Google has been on an office space acquisition rampage during recent years, and with all its building teasing and purchases currently has enough capacity to accommodate 30,000 more Bay Area employees. (San Jose Mercury News November 9 2014)
We all know that natural light is a better environment for most employees, and a study by Northwestern University occupants of a workspace containing windows that provide natural light who were more productive at work, more physically active and had a higher quality of life than those who worked in spaces with no access to natural light. (Buildings August 13 2014.) My thoughts, the caliber of the individual putting up with a windowless work environment (call center, back back office, mailroom) might play a part in “quality of life” as well.
Transparent solar energy…Solar luminescent concentrators that are as transparent as glass is under development at Michigan State University – just wait, it won’t be long before your office building roof, windows and even exterior panels will all be solar collectors generating electricity. (Buildings August 22 2014)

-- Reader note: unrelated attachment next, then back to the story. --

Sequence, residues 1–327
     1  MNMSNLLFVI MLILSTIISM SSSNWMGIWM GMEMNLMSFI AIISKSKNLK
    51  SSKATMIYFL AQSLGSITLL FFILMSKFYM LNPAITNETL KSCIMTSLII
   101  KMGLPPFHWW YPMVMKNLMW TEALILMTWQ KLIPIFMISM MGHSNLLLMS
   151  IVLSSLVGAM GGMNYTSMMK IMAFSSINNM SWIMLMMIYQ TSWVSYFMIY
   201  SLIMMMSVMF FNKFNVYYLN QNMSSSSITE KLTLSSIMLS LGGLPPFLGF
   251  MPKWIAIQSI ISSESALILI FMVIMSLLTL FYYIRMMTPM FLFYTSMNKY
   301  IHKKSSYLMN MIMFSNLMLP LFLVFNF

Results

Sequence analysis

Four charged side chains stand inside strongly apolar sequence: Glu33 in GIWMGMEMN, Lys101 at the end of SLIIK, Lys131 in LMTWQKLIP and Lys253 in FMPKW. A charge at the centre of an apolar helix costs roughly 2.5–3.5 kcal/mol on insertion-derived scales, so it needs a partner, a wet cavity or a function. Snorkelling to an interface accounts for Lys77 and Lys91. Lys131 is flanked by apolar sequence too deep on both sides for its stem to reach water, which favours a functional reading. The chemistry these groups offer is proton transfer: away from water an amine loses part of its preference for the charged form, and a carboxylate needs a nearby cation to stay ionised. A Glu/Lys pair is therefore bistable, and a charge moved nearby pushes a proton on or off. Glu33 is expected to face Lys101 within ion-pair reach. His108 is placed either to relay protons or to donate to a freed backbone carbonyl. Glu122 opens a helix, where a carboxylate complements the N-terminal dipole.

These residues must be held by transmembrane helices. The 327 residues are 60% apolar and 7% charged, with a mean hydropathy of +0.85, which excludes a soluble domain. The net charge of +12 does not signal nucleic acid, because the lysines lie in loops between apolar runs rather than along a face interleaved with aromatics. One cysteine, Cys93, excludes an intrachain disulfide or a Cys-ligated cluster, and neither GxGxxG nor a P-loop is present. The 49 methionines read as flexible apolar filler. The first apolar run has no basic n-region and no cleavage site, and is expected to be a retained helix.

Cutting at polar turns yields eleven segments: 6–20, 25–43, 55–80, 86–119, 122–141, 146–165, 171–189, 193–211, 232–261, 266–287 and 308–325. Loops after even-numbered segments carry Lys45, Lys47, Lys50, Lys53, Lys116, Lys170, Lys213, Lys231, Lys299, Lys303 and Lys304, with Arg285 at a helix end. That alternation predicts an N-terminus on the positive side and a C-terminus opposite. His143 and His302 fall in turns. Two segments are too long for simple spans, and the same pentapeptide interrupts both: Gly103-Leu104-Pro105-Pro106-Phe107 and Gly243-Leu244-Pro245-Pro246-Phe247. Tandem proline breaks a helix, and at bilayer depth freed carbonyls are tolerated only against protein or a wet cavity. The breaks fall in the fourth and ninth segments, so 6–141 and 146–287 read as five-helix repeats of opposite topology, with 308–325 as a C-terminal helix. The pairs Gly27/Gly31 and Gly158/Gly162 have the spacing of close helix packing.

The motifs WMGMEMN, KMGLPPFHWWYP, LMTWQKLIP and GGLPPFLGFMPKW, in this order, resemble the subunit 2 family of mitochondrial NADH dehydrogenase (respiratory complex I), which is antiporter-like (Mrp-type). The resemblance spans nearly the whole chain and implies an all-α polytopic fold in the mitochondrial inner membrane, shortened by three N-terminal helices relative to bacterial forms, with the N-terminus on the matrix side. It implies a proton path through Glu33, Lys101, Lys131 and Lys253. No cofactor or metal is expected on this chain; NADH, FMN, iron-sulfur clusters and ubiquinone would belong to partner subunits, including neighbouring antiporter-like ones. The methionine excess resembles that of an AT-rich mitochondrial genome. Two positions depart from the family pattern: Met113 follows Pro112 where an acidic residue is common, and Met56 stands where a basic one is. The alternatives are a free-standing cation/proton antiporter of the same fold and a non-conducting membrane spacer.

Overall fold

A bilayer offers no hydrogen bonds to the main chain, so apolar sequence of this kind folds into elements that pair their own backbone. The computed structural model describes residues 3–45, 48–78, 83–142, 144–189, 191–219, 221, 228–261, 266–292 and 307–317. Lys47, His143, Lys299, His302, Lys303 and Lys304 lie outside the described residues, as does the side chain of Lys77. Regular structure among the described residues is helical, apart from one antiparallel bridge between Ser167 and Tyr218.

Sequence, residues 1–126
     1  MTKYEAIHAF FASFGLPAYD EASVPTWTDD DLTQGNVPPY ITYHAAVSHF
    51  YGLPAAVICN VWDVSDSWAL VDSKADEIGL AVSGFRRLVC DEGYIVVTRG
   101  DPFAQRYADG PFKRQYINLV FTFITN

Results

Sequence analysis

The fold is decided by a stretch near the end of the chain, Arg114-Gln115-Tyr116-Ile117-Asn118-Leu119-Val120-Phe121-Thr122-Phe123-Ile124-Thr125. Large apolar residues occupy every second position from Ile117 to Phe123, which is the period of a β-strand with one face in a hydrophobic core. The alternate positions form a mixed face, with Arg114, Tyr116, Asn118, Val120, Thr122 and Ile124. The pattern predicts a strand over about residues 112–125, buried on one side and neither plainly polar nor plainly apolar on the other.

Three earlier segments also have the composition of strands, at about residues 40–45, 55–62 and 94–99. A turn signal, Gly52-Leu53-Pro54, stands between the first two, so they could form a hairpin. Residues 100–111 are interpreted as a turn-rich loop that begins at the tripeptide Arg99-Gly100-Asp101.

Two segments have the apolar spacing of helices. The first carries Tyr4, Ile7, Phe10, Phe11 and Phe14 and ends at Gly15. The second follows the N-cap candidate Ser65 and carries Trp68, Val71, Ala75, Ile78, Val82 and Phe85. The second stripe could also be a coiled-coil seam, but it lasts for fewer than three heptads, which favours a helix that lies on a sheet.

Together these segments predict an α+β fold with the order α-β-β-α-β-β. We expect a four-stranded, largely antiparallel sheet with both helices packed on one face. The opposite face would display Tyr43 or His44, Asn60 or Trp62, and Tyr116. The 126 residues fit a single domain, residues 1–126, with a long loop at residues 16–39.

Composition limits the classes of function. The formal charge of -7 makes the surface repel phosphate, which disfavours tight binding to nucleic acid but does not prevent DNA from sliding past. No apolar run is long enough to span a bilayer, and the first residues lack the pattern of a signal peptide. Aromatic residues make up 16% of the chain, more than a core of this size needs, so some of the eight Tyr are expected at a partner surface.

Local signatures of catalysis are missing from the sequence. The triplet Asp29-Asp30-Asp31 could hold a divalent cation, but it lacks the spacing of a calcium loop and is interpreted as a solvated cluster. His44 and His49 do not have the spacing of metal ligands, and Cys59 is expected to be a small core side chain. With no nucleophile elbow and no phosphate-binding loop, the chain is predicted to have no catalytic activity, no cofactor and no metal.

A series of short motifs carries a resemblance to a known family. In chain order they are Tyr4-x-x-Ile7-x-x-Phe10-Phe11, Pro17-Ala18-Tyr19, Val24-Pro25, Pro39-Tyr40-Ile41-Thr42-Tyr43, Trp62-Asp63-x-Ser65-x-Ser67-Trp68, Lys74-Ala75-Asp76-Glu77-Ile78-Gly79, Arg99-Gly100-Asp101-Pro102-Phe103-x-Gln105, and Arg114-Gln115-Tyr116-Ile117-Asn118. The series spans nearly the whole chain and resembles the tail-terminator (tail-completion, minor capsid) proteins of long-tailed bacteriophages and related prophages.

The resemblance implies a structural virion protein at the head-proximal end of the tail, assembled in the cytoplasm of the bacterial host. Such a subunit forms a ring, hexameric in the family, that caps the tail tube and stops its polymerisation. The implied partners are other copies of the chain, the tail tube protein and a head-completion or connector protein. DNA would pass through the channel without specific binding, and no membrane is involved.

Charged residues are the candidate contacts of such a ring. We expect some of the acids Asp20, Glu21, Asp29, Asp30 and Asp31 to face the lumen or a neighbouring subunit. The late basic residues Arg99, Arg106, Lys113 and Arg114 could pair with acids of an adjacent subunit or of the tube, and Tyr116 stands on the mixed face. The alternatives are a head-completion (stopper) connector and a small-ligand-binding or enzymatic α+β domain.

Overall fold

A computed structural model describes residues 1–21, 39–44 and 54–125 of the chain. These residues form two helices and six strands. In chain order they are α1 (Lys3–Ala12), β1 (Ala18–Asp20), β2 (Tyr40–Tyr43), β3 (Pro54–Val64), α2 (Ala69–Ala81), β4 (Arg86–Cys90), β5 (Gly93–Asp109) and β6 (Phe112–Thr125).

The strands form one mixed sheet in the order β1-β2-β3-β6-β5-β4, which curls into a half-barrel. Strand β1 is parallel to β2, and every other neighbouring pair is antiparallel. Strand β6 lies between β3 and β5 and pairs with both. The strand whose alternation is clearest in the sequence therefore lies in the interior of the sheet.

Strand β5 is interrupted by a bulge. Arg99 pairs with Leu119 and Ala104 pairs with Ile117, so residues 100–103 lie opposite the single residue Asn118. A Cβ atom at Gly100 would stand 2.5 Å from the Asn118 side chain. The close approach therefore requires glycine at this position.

In my OfficeTimes newsletter, published every other month, I am challenged to identify even a handful of office tenants over 10,000 sf who have done deals over the past 60 days. Often the total is less than 100,000 sf for the entire East Bay region, including Oakland, Pleasanton and Walnut Creek. To show the stark contrast with San Francisco, just today’s SF Business Times reports Yelp leased another 102,000 sf, Pinterest 100,000 sf, and Uber, 78,000 sf…not a bad week for San Francisco office leasing…
I am usually less optimistic than others about how vibrant and dynamic the East Bay office market is, especially if I am in a room filled with landlord agents. In a number of subregions rents are rising, i.e. Downtown Walnut Creek Class A, but the current vacancy rate at 13.4% is still double-digits. It’s even worse when comparing to San Francisco or the Peninsula, which are on fire, but the East Bay is tepid at best. The Wall Street Journal agrees with me in their article “Bay Area’s Office Boom Stalls in the East. Oakland, Others See Little Evidence of an Uptick” which was published on 10/21/14. (The Wall Street Journal October 21 2014)